When President Jim Yong Kim spoke about leadership in a Washington Post video this year, one of the influential leaders he cited was Ed Haldeman ’70.
“This is a man who has been so successful in his life, he didn’t have to do any other job,” President Kim said of Haldeman, the former president and CEO of Putnam Investments, and since July 2009, CEO of Freddie Mac. “But he took on Freddie Mac because he thought this was something he had to do for his country.”
Ed Haldeman ’70, CEO of Freddie Mac, steps down after three years charing Dartmouth’s Board of Trustees. (photo by Mark Ostow)
A May 17, 2010, story on Trustee Ed Haldeman, CEO of Freddie Mac, USA Today described him as “... a soft-spoken leader who savors a challenge and has a reputation for turning around companies that have taken a bruising in the public eye.”
Haldeman has served his alma mater as chair of the Board of Trustees for the past three years. The summa cum laude graduate in economics, who also holds a JD from Harvard Law School and an MBA from Harvard Business School, joined the board in 2003 and will continue to serve through 2012. He steps down as chair after Commencement this June, passing the baton to Stephen Mandel ’78.
“Ed has been an excellent chair, skilled at directing a discussion in a way that surfaces all key issues,” says fellow Trustee Pamela Joyner ’79. “He was able to orchestrate and manage effective discussions that included a broad range of views.”
Dartmouth Now talked with Haldeman about the highlights of his chairmanship.
What are the overall principles with which you approached the job of chairing the board?
“The number one principle was to help the board and the president always do what was in the best interest of Dartmouth over the long term. Number two was to try to make the board as visible and transparent as possible; to make sure that the board was connected to our constituencies. The third principle was to try to treat everyone with respect and civility even if we disagreed on an issue.”
What were the main challenges the board faced during your tenure as chair?
“One of them was searching for and recruiting a new president, which is one of the most important functions of a board. And with the guidance of Al Mulley ’70, who I asked to lead the search committee, we had a wonderful search process that led to a wonderful choice. The second challenge was the transition from one administration to another. You have to make sure it goes smoothly and well.
“A third challenge was the budget issues that we dealt with in the last year of Jim Wright’s presidency and the first year of Jim Kim’s presidency. Certainly those expense reductions were not easy. They were led by the president, but the board supported the president and helped make difficult decisions that were necessary for us to get the endowment spending rate down to a sustainable level.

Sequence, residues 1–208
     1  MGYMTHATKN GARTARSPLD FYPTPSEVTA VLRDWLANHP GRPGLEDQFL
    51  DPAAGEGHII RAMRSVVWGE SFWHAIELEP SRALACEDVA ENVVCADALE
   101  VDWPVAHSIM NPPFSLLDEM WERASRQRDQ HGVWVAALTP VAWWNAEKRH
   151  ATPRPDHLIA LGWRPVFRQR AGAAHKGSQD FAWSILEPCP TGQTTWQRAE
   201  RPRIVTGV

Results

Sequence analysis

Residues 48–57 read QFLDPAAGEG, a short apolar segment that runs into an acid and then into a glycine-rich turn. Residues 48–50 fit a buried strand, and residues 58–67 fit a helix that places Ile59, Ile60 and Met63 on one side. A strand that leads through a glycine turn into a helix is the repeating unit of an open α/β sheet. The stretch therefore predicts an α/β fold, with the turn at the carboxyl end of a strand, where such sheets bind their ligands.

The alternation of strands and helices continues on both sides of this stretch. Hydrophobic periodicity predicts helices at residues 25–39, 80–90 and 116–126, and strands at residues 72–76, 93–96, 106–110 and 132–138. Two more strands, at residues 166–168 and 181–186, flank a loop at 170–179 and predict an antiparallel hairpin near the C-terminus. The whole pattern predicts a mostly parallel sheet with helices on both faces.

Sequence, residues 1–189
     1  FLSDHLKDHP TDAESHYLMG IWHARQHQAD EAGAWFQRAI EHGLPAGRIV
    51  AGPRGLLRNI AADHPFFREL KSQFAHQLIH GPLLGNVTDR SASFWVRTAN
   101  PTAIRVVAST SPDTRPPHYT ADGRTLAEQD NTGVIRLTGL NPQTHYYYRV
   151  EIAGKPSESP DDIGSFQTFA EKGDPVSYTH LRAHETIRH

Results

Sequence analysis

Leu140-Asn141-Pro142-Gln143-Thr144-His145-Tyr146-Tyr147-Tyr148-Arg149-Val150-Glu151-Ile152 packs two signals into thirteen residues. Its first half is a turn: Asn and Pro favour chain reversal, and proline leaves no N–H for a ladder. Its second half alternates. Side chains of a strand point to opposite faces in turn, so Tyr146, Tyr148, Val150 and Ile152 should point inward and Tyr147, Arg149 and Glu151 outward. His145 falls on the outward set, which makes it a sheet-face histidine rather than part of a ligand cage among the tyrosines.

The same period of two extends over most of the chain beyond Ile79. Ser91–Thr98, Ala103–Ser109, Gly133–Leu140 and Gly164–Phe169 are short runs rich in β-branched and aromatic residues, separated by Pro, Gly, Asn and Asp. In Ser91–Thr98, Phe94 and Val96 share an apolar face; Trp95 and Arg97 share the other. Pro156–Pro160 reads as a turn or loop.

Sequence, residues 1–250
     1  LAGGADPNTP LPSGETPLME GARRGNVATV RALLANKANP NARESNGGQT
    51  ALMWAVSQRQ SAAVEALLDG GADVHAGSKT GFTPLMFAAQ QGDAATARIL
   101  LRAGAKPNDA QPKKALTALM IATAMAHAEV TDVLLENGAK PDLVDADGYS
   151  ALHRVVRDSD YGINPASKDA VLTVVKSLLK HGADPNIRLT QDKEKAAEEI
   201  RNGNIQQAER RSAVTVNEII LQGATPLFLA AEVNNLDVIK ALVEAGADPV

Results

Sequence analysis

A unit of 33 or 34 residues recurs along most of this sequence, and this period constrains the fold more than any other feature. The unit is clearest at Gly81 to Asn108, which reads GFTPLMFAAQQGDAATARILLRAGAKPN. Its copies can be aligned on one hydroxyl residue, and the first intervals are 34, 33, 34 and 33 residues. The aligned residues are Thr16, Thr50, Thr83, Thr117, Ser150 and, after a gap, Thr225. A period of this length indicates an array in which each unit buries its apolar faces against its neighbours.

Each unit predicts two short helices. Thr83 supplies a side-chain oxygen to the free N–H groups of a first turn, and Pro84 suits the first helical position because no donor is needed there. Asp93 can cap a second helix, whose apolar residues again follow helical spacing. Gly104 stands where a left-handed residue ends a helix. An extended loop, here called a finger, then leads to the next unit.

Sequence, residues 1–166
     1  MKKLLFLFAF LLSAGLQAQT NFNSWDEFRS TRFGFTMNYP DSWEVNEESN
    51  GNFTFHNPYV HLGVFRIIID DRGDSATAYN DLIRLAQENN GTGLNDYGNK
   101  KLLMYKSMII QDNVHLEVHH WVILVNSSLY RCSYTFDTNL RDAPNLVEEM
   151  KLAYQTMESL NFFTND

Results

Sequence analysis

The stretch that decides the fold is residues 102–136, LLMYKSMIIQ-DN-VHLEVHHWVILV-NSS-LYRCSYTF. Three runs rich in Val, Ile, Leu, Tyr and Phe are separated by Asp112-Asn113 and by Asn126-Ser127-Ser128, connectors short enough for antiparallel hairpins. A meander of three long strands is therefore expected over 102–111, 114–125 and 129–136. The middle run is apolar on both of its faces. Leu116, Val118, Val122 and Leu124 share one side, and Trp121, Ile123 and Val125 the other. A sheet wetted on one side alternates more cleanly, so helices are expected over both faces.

“A fourth was that we were able to complete the $1.3 billion capital campaign despite the decline in the global economy. I’m proud that we were able to reach that goal.
“And, I think we have survived a controversy over governance. The board felt it needed to enlarge its size and thought that was in the best long-term interest of the College, but clearly there were many people who didn’t agree with that decision. But, I think we’ve worked through that issue over the last three years.”
What’s the key to running an effective meeting?
“You need to understand which issues have to lead to an action. When you’re running a meeting there are all kinds of issues and reports and not all of them need a decision or an action at that time. But some do. And you have to make sure that the group comes to a decision so an action can be taken. You also have to encourage participants to express their views crisply and only once.”
Why have you been willing to take on such challenging positions, both professionally and as a trustee?
“I took on the chairmanship fully knowledgeable that there would be some difficulty. I have been conscious of taking on roles where I felt I could add value or make a difference. I seem to want to be in situations where change is being considered or is required.”
The late Russell Dilks ’51 encouraged you to come to Dartmouth from the Philadelphia area and also mentored you. Have you established a similar relationship with a Dartmouth student?
“I have, with a young man named Damaris Walker ’09. He first came to Dartmouth as a Philadelphia high school student participating in the Summer Enrichment at Dartmouth program. He then enrolled as an undergraduate and just finished his first year at Yale Law School.
“We met completely by happenstance when a longtime employee of my family’s small business in North Philadelphia fixed a flat tire for Damaris and heard him talking about Dartmouth. He asked Damaris, ‘Do you know the Haldemans?’ Damaris said, ‘Well yeah, he gave some money for a building.’ So they exchanged e-mails, and I contacted Damaris, and we got together for dinner. He’s met all my family and we stay in touch. This is someone I really connected with who’s from the same neighborhood my family is from. He’s doing really well, and he’s a terrific guy.”
Have you given any advice to your successor as chair, Stephen Mandel ’78?
“We are working closely to make it a smooth transition, but Steve doesn’t need any advice from me. He’s been a very involved trustee. He knows the finances of the College incredibly well and has been involved in every action and activity of the board over the last few years. He’s definitely up to speed.”